Aquaculture–the farming of fish, shellfish and aquatic plants–accounts for half of the seafood consumed around the world. While that percentage is expected to grow, the environmental impact of fish farms has the potential to grow exponentially faster.
Fish that escape these farms can “pollute” the gene pools of wild fish. Disease and parasites easily migrate between farms and wild fish. Uneaten food and fish waste from the farms pollute the water column as well as the ocean floor. Vast quantities of forage fish, herring, anchovies and other small fish are removed from the ocean food chain to feed farmed fish.
Growing public awareness of how aquaculture facilities degrade the environment has led to efforts by many producers and retailers to mitigate these environmental impacts. Pew’s Marine Finfish Aquaculture Standards Project has collaborated with the University of Victoria and the Lenfest Ocean Program in the development of a scientific methodology that measures how these farms impact their surroundings.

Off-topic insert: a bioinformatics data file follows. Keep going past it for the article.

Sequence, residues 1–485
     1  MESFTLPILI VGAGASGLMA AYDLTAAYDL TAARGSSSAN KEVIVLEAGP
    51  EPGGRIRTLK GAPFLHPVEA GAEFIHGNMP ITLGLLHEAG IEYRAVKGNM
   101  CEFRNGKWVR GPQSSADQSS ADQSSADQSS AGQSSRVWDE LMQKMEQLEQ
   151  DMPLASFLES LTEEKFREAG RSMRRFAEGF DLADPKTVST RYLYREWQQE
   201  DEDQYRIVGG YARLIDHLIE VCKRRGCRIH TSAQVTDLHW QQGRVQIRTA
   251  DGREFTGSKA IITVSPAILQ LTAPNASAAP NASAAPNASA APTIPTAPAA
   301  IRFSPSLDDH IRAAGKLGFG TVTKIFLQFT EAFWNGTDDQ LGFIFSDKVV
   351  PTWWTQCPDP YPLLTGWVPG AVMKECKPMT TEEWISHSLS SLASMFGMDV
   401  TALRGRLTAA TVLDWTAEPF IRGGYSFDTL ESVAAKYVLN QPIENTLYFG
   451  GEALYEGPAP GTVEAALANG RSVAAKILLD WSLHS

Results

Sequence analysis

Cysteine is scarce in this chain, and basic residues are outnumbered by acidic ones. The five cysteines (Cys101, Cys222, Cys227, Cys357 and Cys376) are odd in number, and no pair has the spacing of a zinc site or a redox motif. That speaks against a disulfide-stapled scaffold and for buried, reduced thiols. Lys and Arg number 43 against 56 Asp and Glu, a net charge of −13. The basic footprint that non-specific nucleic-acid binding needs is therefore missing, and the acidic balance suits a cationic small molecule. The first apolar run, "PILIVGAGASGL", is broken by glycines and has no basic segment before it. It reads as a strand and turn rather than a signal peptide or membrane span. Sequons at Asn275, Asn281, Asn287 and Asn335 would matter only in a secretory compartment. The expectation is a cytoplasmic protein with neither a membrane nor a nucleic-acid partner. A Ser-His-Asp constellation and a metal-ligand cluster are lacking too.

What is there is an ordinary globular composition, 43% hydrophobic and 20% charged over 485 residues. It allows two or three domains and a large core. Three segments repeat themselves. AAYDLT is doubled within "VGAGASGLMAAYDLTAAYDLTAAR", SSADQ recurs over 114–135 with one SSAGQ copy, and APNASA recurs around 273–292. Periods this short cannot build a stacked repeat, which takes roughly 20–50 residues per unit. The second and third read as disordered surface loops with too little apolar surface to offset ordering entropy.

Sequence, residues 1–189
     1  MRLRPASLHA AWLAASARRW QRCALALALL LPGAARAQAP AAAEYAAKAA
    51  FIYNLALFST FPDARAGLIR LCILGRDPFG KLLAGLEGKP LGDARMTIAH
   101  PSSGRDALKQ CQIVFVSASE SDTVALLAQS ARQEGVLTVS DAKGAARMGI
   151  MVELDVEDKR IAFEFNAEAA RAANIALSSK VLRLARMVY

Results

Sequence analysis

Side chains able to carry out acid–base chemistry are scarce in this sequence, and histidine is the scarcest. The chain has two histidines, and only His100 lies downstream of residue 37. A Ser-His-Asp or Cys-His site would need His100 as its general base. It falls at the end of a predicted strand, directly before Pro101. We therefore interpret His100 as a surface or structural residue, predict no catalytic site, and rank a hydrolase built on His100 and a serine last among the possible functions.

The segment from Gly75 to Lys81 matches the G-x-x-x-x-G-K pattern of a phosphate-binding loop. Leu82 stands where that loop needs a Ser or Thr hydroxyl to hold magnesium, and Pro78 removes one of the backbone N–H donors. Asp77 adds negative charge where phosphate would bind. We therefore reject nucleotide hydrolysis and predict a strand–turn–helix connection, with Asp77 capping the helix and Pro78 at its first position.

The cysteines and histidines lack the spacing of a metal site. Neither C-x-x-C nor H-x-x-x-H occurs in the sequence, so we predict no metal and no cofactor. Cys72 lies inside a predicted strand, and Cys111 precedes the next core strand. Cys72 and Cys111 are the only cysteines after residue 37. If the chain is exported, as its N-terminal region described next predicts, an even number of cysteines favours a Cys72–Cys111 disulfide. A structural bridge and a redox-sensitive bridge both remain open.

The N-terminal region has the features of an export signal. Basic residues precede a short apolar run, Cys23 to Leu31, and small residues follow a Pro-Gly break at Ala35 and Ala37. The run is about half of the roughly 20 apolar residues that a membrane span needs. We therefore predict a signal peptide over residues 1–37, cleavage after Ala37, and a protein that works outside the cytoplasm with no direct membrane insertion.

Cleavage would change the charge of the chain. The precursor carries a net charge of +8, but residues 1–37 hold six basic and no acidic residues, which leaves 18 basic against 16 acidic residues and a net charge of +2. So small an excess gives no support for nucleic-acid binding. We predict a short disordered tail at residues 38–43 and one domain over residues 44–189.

The project is also supporting research to compare the performance of various ecolabeling efforts for aquaculture and to develop a tool for evaluating the performance of individual fish farms, so that consumers and retailers can make educated seafood sourcing decisions.
Using objective and quantitative information about the environmental effects of marine fish farming, the Aquaculture Standards Project is identifying practical ways to improve the environmental sustainability of the global seafood supply.